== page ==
I am a white person against Trump: White people need to stop laughing and start taking responsibility

Trump provided me lots of entertainment. Only now do I realize his racism isn't funny, and that I need to own it

Published December 17, 2015 10:58AM (EST)

Donald Trump  (AP/J Pat Carter)
Donald Trump (AP/J Pat Carter)

I’ll admit it, when I found out Donald Trump was running for president, I laughed heartily and unconcernedly. For a solid two months, actually. I woke up laughing, I had my coffee laughing, paid my cable bill laughing, even went out on Tinder dates laughing.

Not because I disdain his policies (what were they even then?), the GOP, him as a person, or anything else so palpably obvious now that we have fully witnessed him embark on what surely will go down as the most openly racist presidential campaign since Barry Goldwater. It really wasn’t for any of those reasons; despite being a New Yorker I actually hadn’t thought about him at all since the absurdity of his "birther" accusations in 2012, when I casually remarked to myself, “wow, so he really is racist” and then went splendidly on with my life.

The point is when Donald Trump declared his candidacy on June 16, 2015, I laughed for no profoundly insightful reason other than that June begins what is easily the most boring time of the year in all forms of televised entertainment, and I felt like he could tide me over until football started.

I’m serious. Basketball is over, March Madness a distant memory, the Stanley Cup, etc. I can barely get into baseball in October, but June? No way. So, when I found out The Donald was tossing his name into the proverbial clown car of incompetence known as the GOP 2016 presidential field I was happy because I figured it would get us all through what was sure to be another painfully boring summer for television. Otherwise, I’d be stuck listening to Scott Walker talk for the next three months.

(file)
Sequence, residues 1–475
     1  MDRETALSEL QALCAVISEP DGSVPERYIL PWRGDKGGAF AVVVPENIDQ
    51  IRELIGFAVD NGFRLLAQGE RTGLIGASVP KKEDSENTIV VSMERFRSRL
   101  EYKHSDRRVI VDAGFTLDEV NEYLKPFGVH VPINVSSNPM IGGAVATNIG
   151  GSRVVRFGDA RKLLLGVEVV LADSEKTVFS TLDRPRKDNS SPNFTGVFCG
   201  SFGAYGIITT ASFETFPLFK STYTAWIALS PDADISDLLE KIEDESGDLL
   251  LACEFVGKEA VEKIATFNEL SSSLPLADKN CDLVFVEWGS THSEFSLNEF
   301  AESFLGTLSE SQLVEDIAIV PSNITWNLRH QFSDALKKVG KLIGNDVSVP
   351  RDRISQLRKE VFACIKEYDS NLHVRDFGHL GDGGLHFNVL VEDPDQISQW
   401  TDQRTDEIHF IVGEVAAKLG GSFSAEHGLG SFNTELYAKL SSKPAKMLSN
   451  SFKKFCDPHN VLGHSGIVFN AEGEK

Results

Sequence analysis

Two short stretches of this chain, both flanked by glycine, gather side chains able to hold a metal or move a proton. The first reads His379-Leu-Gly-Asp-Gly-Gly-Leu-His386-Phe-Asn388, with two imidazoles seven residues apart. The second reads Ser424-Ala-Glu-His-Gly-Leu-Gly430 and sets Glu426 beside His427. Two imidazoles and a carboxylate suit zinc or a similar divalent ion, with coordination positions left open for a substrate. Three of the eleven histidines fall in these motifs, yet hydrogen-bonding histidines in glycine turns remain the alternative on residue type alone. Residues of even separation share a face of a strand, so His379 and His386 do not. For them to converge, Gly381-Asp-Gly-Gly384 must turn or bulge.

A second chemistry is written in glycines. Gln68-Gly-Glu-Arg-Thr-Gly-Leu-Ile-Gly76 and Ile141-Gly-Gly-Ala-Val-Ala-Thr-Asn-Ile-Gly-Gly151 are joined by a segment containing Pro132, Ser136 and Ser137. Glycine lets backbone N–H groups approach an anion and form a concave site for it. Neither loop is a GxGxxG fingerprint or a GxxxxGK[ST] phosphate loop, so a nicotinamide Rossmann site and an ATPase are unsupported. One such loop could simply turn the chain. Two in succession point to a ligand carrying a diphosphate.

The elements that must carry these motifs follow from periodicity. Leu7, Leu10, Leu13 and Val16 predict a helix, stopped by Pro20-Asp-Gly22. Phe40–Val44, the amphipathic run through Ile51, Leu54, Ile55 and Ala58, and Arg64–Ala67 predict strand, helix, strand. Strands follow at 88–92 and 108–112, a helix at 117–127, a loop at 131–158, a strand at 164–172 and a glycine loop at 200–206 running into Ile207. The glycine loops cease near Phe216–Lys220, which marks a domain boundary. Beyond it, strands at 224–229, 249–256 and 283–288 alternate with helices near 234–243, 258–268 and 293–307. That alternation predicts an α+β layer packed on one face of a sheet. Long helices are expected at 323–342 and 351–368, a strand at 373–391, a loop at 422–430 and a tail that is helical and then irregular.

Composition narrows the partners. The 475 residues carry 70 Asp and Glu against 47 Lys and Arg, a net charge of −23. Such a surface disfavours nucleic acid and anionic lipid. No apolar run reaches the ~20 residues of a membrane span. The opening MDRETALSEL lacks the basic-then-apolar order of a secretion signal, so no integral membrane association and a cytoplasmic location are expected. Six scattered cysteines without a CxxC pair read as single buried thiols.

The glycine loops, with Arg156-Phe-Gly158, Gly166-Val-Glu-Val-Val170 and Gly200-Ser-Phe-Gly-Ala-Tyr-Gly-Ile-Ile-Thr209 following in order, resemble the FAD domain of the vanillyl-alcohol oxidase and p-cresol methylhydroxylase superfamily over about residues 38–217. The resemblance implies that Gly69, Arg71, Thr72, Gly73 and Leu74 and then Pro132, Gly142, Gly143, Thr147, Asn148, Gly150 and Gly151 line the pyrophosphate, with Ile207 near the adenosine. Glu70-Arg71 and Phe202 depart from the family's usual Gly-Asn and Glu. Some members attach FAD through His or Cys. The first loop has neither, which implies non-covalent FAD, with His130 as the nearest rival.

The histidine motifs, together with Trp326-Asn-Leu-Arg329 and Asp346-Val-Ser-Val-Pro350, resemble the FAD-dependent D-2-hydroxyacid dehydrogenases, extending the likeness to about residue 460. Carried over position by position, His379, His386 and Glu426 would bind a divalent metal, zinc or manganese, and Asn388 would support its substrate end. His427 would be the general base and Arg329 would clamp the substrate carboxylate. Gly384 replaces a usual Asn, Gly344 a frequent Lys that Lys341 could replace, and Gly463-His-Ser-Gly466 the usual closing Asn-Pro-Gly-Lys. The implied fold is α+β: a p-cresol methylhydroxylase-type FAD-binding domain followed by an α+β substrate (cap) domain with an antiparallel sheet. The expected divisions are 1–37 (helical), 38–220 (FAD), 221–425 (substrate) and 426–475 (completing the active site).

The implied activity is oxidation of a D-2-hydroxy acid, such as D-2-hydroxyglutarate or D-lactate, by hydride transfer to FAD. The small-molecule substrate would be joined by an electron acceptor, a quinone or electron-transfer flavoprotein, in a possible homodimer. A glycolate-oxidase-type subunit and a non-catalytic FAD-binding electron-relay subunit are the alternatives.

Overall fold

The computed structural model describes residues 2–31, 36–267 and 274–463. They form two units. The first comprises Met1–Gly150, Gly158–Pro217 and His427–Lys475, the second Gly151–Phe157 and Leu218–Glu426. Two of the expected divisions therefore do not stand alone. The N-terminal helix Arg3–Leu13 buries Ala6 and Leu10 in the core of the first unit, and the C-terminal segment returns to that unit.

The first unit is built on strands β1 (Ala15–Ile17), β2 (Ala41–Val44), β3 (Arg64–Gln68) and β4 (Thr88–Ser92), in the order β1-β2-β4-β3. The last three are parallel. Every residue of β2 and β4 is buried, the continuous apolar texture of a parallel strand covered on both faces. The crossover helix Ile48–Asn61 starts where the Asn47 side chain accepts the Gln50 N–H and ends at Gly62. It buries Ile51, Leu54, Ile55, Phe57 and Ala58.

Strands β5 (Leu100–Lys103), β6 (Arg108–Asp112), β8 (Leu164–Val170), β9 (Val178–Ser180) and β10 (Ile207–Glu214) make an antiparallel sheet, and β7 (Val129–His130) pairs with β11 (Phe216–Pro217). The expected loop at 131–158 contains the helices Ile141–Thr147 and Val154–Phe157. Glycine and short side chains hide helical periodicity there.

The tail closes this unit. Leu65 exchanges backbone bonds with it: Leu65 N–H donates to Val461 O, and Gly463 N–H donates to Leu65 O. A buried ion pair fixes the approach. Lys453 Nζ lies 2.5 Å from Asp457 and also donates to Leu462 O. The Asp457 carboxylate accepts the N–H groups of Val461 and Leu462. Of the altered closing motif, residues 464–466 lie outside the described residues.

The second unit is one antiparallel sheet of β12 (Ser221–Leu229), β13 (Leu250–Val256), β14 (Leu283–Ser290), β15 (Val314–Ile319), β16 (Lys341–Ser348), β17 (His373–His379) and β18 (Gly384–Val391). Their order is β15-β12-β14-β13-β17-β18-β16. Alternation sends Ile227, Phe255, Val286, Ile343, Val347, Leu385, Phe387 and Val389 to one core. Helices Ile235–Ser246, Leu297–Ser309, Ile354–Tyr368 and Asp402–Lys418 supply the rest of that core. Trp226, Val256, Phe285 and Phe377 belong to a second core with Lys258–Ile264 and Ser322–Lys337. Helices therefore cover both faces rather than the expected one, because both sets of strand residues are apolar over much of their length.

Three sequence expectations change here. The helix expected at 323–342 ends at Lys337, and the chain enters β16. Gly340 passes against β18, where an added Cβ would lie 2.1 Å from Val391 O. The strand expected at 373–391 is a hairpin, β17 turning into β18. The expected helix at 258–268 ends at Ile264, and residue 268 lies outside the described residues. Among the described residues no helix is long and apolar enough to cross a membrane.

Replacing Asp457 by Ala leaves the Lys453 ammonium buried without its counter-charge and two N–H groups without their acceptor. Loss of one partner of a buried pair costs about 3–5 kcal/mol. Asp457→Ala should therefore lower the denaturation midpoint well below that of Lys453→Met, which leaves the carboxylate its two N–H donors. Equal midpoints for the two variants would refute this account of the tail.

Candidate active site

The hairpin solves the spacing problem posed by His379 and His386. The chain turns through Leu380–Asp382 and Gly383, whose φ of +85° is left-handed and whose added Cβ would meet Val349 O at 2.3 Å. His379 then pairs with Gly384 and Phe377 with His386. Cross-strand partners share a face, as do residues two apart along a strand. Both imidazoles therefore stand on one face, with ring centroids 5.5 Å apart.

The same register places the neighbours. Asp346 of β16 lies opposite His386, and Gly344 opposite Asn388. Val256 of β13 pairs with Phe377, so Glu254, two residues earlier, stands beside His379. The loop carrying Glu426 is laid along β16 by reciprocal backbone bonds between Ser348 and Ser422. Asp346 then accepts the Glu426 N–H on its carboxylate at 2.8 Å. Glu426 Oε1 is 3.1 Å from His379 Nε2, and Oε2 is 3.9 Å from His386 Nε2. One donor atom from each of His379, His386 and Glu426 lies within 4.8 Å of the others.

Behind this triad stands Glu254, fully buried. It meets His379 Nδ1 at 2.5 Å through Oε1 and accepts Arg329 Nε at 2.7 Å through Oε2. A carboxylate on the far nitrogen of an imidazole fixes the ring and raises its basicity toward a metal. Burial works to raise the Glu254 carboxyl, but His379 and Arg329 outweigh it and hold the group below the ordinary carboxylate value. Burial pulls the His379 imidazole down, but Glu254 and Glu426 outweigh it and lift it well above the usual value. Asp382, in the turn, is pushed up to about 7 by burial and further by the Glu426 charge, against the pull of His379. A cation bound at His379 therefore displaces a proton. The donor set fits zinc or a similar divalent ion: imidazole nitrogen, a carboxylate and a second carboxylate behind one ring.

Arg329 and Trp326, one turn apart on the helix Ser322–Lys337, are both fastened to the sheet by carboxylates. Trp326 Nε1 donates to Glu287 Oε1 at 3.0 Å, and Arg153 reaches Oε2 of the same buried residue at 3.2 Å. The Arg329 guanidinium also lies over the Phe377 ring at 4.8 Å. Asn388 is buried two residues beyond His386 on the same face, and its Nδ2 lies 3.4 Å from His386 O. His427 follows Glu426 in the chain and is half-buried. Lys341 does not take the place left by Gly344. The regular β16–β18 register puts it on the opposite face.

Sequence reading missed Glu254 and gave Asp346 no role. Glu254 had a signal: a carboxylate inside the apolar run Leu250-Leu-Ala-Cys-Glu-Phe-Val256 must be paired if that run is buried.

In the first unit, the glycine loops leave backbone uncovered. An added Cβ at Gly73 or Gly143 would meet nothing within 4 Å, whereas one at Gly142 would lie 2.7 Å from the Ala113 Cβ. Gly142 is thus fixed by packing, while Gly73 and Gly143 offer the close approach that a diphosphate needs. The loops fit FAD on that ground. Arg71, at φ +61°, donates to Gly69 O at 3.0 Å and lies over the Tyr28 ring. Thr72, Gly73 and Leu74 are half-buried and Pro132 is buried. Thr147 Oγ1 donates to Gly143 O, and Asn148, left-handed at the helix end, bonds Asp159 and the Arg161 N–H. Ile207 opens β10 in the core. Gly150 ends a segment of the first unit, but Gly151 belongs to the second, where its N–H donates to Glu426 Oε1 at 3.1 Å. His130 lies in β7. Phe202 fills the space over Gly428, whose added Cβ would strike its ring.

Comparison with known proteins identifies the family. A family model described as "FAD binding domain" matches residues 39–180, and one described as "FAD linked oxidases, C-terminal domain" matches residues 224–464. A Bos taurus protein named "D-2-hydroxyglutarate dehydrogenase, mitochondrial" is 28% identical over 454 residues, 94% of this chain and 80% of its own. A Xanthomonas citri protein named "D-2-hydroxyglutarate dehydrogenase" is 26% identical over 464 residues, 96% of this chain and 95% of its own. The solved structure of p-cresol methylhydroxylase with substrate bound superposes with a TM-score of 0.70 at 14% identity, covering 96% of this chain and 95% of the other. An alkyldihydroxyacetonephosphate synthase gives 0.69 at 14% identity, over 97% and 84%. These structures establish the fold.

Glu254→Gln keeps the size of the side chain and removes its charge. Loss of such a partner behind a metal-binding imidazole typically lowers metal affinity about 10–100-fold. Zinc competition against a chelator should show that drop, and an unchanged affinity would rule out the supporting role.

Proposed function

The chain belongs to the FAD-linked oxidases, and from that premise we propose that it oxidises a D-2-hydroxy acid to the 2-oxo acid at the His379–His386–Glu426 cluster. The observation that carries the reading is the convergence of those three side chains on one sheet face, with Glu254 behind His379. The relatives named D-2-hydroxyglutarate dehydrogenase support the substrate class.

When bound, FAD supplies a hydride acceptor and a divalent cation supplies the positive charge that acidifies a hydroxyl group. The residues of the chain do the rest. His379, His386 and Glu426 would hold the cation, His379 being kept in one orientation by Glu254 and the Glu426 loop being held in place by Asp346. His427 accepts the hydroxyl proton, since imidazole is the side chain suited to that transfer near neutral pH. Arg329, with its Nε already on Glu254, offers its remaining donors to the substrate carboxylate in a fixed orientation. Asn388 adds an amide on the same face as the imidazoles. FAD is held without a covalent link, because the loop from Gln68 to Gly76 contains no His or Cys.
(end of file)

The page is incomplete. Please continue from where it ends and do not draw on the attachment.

As you recall, a terrible thing also happened less than a day after Trump announced his candidacy: a white supremacist named Dylann Roof opened fire on a weekly Bible study group at the Emanuel Church in Charleston, South Carolina, killing nine people. It was the deadliest attack on a black community in nearly 90 years. Aside from temporary sadness, "prayers" and other expected cordialities from the white community, I, like the rest of the country, continued laughing at The Donald. It was June, there were no sports on, and Trump was just beginning this hateful charade that has come to define the American political arena this year.

There have been many moments throughout the last two years that have epitomized this new civil rights era we are witnessing. From the jury returning a not-guilty verdict in the George Zimmerman trial, to the number of fatalities of unarmed people of color surpassing lynchings in any year since the 1920s, to militarized police occupying cities for weeks on end, race in America has been the single-greatest issue on the mind of most Americans, myself included.

Throughout the first half of 2015, I watched the atrocities of Walter Scott, Freddie Gray, Charleston, and Sandra Bland largely on the sidelines, save for a social media post here and there. It was only after watching the video of Sam DuBose getting his head blown off by an officer simply because his car rolled a few feet away that I felt compelled to action. I went home that night shaking and unable to sleep at the idea that an officer could not only exhibit such a callous disregard for human life, that he could then lie about it and worse, that scores of people in the social media stratosphere could somehow blame Mr. DuBose for getting himself murdered. I felt compelled to organize with Black Lives Matter in NYC and help in any way that I could, because it was so undeniably obvious that the traffic stop would have ended completely differently if the exact same set of circumstances had happened to me. Of this much, I am completely certain. That was around the same time I stopped laughing at Donald Trump, too.